REVIEW: “Fantastic Four” (2015)

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I doubt many people initially thought rebooting the Fantastic Four series was a great idea. Even though the previous two films made decent money, the cast has clearly moved on and calls for a third movie have been nonexistent. But that didn’t stop 20th Century Fox. Desperate to revive one of their lone Marvel Comics properties, the studio went ahead with their shaky venture. They compounded skepticism with some questionable casting choices and statements made during production that gave comics fans cause for concern.

Director Josh Trank was handed the reins and $120 million to bring his vision to the movie. Trank made a surprising splash with his 2012 debut film “Chronicle”, a movie loved by critics and audiences but one that I found to be inconsistent and predictable. We see these same issues fester up in “Fantastic Four”, but this film’s problems stretch much, much further (horrible pun intended) and the resulting mess of a movie is pretty tough to endure.

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Sleep – Prepare to fight it.

The decision to completely rewrite the superteam’s history proved to be a bad one for a couple of reasons. First, I’m not convinced moviegoers really want to sit through another origin story especially about this group of heroes. Second, when you make the decision to rewrite well known characters and their history you better make sure you have a good story to tell. Unfortunately this is an painfully long and dull origin story and not a single new element offers anything of value.

When I say this is a long origin story I mean it is a LONG origin story. The film starts with Reed Richards meeting Ben Grimm in elementary school. The two build a close friendship around Reed’s garage-based teleportation experiments. Next we jump ahead seven years to Reed (Miles Teller) and Ben (Jamie Bell) showing off the experiment at a high school science fair. They are approached by Professor Franklin Storm (Reg Cathey) of the Baxter Foundation who recruits Reed to help work on a dimensional portal called the Quantum Gate. Reed joins the research team consisting of Storm’s daughter Sue (Kate Mara), his rebellious son Johnny (Michael B. Jordan), and a disillusioned young protĂ©gé Victor Von Doom (Toby Kebbell).

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I had the same reactions…

The film then lumbers through the completion of the Quantum Gate giving us loads of monotone exposition. It takes a few breaks for personal exchanges meant to add some life and emotion to these characters. It doesn’t work. Not one single relationship feels authentic and the emotionally inert characters are void of any compelling personality. Trank and Company want us to believe that Victor has a thing for Sue. They want us to believe that Sue and Johnny are actually brother and sister. They want us to believe in the inevitable team camaraderie that we get later on. But that’s tough to do when the characters are as interesting as tree stumps.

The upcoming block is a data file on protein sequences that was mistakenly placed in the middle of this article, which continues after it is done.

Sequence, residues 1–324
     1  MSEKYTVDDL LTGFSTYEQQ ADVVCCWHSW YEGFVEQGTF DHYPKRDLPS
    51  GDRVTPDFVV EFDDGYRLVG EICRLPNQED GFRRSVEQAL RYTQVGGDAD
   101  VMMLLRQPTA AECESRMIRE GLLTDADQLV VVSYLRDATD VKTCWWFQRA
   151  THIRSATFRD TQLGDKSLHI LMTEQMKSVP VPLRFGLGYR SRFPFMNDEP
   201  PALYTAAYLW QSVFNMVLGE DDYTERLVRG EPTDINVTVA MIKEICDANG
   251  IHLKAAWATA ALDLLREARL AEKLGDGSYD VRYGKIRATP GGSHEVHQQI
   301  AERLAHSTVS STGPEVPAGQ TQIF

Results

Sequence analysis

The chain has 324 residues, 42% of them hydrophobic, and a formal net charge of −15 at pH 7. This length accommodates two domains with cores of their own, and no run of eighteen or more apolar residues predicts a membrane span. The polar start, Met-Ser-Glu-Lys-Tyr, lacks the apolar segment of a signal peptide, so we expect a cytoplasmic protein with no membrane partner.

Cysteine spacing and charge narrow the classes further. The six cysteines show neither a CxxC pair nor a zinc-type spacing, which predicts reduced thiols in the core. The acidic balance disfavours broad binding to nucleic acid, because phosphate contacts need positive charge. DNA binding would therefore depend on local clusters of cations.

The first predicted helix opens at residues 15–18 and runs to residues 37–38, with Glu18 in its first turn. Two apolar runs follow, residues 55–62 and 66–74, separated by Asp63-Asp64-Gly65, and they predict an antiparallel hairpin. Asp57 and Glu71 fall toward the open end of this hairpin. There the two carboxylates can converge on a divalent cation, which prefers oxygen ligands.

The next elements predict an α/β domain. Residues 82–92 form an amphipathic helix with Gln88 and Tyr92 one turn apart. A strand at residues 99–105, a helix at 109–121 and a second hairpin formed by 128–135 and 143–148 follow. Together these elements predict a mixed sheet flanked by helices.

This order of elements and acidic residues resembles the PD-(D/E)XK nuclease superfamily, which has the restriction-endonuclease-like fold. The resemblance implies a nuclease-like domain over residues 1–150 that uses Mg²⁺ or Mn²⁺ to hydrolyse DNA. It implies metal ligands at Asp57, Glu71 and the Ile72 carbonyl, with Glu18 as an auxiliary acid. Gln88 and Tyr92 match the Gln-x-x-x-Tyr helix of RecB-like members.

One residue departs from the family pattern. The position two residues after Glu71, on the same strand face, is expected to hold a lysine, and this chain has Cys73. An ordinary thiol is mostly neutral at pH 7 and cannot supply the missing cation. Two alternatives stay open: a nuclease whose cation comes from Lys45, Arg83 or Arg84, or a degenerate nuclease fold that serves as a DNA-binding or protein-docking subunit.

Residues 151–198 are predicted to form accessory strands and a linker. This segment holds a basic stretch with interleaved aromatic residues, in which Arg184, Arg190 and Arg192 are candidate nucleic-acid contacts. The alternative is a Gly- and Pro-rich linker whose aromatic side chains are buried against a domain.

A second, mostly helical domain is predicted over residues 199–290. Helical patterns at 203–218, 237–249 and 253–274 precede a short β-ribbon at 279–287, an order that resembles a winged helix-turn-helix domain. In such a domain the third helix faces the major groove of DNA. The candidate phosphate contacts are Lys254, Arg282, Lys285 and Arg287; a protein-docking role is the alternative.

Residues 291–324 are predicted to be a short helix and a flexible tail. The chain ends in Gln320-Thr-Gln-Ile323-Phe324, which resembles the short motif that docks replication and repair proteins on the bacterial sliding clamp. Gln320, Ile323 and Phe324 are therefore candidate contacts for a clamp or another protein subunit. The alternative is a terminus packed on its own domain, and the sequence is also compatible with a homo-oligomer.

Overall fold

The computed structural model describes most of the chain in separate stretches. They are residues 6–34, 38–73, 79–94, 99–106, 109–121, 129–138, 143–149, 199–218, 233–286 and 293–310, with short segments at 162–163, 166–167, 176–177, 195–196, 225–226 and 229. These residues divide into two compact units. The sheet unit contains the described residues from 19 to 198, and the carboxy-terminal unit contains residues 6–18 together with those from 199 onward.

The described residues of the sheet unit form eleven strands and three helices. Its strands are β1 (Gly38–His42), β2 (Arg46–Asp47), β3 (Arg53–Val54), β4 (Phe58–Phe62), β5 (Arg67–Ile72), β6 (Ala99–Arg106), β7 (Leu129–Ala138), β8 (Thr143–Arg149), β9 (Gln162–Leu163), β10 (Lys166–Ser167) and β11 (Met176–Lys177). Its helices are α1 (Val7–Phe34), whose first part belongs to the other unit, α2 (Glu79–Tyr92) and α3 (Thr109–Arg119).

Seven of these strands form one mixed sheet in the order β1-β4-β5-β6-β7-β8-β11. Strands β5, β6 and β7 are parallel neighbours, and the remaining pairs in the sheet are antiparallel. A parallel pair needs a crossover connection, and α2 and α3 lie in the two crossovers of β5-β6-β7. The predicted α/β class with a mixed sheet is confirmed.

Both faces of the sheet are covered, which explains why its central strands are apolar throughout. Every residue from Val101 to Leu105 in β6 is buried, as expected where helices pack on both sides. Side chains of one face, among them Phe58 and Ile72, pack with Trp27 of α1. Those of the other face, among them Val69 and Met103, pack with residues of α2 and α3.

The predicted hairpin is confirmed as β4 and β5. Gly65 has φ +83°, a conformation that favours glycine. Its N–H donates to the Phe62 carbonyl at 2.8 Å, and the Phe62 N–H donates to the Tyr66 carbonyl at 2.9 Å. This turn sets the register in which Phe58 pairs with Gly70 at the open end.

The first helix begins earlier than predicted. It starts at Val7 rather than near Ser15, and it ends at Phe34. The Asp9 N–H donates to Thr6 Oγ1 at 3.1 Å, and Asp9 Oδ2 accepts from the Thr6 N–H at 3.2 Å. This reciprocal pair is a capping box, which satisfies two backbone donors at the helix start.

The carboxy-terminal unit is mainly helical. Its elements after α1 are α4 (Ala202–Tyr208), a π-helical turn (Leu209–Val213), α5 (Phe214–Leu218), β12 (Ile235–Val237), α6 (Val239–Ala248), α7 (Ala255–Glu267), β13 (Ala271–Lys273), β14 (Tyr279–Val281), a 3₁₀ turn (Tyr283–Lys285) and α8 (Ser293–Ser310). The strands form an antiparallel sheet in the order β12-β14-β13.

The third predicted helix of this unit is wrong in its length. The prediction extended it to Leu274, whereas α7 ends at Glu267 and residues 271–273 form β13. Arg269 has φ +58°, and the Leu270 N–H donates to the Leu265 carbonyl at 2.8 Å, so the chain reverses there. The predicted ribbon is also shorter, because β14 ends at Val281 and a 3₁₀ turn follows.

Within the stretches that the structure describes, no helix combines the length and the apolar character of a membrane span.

It’s a full hour into the movie before we get to the experiment that grants them their powers. With the evil U.S. government and specifically scientist and government liaison Dr. Allen (Tim Blake Nelson) breathing down their necks, the team decides to use the Quantum Gate and stake a claim on their discovery. Obviously things go terribly wrong. Each are imbued with unique powers but their reactions to their new abilities fractures the team. It’s only when they face a powerful and unexpected threat that they realize the strength they wield as a team. Blah, blah, blah.

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Mara’s expression…through the entire film.

It doesn’t help when the performances are as drab as the story. People are high on Miles Teller but here he flatlines and is embarrassingly bad once the action ratchets up in the final act. Jordan doesn’t offer an ounce of charisma or good humor vital to his character. Cathey’s ultra-serious monotone dialogue is robotic. Mara is strikingly mundane. Yet it’s Tim Blake Nelson who gets the ‘prize’ for the worst performance. He constantly flashes this odd snarky smirk meant to show he is the man in charge. He actually looks like he just sucked on a dozen lemons. In his defense he does get some of the worst lines of dialogue. On the other hand they all get crappy dialogue yet no one is able to rise above it.